Production of oceanic nitrous oxide by ammonia-oxidizing archaea
The recent finding that microbial ammonia oxidation in the ocean is performed by archaea to a greater extent than by bacteria has drastically changed the view on oceanic nitrification. The numerical dominance of archaeal ammonia-oxidizers (AOA) over their bacterial counterparts (AOB) in large parts of the ocean leads to the hypothesis that AOA rather than AOB could be the key organisms for the oceanic production of the strong greenhouse gas nitrous oxide (N
2O) that occurs as a by-product of nitrification. Very recently, enrichment cultures of marine ammonia-oxidizing archaea have been reported to produce N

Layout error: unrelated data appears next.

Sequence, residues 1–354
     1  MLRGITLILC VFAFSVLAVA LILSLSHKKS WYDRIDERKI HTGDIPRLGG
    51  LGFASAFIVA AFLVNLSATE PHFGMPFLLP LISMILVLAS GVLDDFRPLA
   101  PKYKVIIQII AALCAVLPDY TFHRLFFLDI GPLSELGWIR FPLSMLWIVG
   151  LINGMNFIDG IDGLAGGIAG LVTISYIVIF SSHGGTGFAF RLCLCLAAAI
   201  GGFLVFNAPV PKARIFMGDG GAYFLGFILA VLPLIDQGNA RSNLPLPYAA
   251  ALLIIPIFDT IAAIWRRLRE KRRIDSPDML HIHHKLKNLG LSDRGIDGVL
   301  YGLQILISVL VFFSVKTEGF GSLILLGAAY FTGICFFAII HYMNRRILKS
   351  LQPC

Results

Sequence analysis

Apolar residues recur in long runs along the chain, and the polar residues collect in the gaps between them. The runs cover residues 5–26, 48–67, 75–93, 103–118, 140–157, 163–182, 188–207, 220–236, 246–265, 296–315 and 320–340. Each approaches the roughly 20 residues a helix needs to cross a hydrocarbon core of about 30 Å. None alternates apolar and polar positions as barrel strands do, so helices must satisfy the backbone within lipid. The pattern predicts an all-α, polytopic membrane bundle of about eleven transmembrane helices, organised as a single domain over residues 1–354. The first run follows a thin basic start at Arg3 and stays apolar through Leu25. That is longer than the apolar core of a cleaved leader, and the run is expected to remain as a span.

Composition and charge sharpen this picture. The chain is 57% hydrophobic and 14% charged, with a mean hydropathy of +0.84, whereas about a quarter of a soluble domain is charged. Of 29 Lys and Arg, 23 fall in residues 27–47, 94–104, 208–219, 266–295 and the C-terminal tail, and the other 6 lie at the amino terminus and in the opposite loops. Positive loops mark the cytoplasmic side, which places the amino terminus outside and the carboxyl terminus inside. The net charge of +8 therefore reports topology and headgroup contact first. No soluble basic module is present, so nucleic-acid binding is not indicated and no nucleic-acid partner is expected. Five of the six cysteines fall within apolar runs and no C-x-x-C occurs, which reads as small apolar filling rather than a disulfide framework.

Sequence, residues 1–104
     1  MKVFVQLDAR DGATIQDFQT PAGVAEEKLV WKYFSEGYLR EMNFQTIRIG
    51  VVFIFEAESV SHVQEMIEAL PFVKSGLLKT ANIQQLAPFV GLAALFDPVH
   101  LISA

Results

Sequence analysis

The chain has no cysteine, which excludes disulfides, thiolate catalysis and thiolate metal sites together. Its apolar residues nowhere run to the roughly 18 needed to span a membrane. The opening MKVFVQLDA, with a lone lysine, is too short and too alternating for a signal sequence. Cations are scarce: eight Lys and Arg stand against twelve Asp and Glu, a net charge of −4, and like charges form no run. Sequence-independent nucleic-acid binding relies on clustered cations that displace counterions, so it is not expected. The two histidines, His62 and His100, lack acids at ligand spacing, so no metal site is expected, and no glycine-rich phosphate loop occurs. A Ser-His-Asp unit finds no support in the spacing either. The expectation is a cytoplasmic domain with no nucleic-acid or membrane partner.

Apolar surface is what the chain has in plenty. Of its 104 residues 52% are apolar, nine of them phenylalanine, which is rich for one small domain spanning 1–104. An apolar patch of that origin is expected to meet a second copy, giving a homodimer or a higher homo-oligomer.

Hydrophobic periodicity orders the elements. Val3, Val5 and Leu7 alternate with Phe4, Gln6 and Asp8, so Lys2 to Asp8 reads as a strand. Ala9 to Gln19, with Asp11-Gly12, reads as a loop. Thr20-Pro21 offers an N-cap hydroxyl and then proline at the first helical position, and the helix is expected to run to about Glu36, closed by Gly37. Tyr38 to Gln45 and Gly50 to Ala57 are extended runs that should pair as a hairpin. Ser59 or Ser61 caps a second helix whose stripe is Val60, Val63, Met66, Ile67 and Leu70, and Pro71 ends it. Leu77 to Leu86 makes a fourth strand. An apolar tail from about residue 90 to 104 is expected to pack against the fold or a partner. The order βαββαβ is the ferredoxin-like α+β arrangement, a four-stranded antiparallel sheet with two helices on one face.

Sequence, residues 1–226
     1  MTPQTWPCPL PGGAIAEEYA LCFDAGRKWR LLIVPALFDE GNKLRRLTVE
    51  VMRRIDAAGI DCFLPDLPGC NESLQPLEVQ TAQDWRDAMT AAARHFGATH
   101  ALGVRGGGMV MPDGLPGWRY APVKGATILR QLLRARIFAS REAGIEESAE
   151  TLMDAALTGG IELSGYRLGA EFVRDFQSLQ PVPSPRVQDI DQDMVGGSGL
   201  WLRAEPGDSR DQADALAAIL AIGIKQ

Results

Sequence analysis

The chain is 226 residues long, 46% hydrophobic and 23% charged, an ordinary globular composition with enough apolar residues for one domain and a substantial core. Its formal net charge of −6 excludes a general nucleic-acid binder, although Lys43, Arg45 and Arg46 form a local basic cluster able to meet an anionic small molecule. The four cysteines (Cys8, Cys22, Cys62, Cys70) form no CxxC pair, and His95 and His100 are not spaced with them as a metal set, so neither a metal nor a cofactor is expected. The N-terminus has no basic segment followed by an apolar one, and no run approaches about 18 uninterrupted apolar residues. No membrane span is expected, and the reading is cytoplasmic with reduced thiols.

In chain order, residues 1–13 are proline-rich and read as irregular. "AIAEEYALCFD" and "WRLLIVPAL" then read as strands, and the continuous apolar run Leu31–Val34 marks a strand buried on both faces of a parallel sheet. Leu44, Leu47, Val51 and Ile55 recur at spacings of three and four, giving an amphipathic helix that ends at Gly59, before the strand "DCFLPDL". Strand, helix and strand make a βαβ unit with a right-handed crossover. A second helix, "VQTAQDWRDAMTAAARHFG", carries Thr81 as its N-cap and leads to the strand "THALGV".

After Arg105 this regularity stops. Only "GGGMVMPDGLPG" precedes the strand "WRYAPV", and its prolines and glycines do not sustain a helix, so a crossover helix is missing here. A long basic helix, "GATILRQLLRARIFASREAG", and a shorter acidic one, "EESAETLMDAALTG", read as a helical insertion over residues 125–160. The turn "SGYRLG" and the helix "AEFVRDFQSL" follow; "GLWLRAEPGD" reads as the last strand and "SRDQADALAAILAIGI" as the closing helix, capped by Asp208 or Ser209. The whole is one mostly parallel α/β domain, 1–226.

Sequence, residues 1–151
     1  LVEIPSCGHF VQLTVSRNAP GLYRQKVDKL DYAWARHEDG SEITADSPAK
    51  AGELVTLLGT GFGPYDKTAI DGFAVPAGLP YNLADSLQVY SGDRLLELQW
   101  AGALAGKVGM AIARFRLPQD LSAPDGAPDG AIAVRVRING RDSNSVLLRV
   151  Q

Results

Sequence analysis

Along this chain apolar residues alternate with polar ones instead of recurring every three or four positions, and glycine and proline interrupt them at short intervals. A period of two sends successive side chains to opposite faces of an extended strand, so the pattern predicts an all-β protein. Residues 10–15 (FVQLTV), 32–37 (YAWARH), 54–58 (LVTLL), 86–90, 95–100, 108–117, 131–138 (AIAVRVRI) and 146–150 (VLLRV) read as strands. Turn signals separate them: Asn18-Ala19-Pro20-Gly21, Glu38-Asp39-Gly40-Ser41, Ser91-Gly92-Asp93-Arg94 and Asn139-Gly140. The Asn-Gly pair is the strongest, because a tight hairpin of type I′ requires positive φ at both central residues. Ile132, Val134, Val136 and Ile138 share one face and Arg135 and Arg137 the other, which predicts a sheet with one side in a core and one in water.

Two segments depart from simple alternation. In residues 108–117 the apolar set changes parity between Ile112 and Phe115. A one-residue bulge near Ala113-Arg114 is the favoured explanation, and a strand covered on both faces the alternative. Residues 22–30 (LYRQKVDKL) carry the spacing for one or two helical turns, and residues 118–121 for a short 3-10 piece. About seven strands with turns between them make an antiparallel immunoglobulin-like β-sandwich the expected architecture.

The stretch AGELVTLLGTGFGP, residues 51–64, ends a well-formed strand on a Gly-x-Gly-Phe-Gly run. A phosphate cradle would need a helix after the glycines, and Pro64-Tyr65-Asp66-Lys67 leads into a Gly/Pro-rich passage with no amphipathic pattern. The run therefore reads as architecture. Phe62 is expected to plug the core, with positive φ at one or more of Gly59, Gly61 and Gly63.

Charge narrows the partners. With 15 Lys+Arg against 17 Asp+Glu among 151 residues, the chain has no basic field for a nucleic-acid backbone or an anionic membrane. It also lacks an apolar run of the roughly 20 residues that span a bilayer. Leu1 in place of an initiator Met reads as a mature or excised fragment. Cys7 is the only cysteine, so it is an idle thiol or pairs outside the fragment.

Here, we demonstrate that archaeal ammonia monooxygenase genes ( amoA) were detectable throughout the water column of the eastern tropical North Atlantic (ETNA) and eastern tropical South Pacific (ETSP) Oceans. Particularly in the ETNA, comparable patterns of abundance and expression of archaeal amoA genes and N 2O co-occurred in the oxygen minimum, whereas the abundances of bacterial amoA genes were negligible. Moreover, selective inhibition of archaea in seawater incubations from the ETNA decreased the N 2O production significantly. In studies with the only cultivated marine archaeal ammonia-oxidizer Nitrosopumilus maritimus SCM1, we provide the first direct evidence for N 2O production in a pure culture of AOA, excluding the involvement of other microorganisms as possibly present in enrichments. N. maritimus showed high N 2O production rates under low oxygen concentrations comparable to concentrations existing in the oxycline of the ETNA, whereas the N 2O production from two AOB cultures was comparably low under similar conditions. Based on our findings, we hypothesize that the production of N 2O in tropical ocean areas results mainly from archaeal nitrification and will be affected by the predicted decrease in dissolved oxygen in the ocean.